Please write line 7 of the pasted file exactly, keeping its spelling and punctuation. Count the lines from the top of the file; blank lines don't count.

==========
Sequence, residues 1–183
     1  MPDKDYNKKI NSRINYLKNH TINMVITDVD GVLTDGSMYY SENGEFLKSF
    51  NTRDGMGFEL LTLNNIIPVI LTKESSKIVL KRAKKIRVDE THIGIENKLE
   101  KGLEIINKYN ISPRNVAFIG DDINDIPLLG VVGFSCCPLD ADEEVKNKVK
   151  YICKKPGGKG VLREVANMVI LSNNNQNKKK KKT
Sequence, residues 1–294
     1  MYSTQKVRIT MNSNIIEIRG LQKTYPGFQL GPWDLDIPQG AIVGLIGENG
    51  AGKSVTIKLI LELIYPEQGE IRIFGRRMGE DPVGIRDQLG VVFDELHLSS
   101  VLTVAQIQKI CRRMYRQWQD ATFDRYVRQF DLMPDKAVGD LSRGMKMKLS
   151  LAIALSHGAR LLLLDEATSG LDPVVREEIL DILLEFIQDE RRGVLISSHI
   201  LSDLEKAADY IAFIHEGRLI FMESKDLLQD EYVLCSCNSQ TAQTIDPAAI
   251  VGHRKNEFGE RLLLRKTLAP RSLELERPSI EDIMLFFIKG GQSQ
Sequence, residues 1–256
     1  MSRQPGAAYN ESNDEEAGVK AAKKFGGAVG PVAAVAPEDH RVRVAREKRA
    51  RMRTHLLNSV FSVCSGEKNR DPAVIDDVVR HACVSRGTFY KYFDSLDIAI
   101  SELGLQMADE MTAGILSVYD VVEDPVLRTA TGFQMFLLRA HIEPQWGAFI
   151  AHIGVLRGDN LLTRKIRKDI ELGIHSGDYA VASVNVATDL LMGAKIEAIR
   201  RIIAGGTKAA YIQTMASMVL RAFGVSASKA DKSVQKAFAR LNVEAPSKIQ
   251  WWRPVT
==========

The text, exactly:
     1  MYSTQKVRIT MNSNIIEIRG LQKTYPGFQL GPWDLDIPQG AIVGLIGENG